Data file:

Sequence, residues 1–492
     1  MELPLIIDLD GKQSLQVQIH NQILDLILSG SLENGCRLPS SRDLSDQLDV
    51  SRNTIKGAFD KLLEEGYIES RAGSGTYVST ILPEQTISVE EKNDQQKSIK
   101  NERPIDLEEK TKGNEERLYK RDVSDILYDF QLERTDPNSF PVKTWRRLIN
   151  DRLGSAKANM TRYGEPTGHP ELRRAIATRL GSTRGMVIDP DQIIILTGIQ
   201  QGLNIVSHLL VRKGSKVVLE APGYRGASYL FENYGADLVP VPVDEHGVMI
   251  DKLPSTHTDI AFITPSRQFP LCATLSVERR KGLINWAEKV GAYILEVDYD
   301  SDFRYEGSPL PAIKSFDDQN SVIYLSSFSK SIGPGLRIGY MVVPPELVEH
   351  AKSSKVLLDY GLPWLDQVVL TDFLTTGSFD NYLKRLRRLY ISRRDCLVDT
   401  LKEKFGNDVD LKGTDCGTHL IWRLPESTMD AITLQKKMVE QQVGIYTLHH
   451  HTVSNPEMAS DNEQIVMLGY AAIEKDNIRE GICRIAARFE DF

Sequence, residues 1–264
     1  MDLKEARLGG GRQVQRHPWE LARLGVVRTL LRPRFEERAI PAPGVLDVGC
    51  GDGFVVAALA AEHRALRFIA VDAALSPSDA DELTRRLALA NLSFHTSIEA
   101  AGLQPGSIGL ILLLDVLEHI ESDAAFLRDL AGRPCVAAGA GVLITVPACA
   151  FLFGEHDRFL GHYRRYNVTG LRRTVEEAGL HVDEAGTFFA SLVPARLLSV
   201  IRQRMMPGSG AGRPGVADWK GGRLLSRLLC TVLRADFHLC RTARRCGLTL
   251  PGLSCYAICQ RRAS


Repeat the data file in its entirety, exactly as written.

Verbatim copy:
Sequence, residues 1–492
     1  MELPLIIDLD GKQSLQVQIH NQILDLILSG SLENGCRLPS SRDLSDQLDV
    51  SRNTIKGAFD KLLEEGYIES RAGSGTYVST ILPEQTISVE EKNDQQKSIK
   101  NERPIDLEEK TKGNEERLYK RDVSDILYDF QLERTDPNSF PVKTWRRLIN
   151  DRLGSAKANM TRYGEPTGHP ELRRAIATRL GSTRGMVIDP DQIIILTGIQ
   201  QGLNIVSHLL VRKGSKVVLE APGYRGASYL FENYGADLVP VPVDEHGVMI
   251  DKLPSTHTDI AFITPSRQFP LCATLSVERR KGLINWAEKV GAYILEVDYD
   301  SDFRYEGSPL PAIKSFDDQN SVIYLSSFSK SIGPGLRIGY MVVPPELVEH
   351  AKSSKVLLDY GLPWLDQVVL TDFLTTGSFD NYLKRLRRLY ISRRDCLVDT
   401  LKEKFGNDVD LKGTDCGTHL IWRLPESTMD AITLQKKMVE QQVGIYTLHH
   451  HTVSNPEMAS DNEQIVMLGY AAIEKDNIRE GICRIAARFE DF

Sequence, residues 1–264
     1  MDLKEARLGG GRQVQRHPWE LARLGVVRTL LRPRFEERAI PAPGVLDVGC
    51  GDGFVVAALA AEHRALRFIA VDAALSPSDA DELTRRLALA NLSFHTSIEA
   101  AGLQPGSIGL ILLLDVLEHI ESDAAFLRDL AGRPCVAAGA GVLITVPACA
   151  FLFGEHDRFL GHYRRYNVTG LRRTVEEAGL HVDEAGTFFA SLVPARLLSV
   201  IRQRMMPGSG AGRPGVADWK GGRLLSRLLC TVLRADFHLC RTARRCGLTL
   251  PGLSCYAICQ RRAS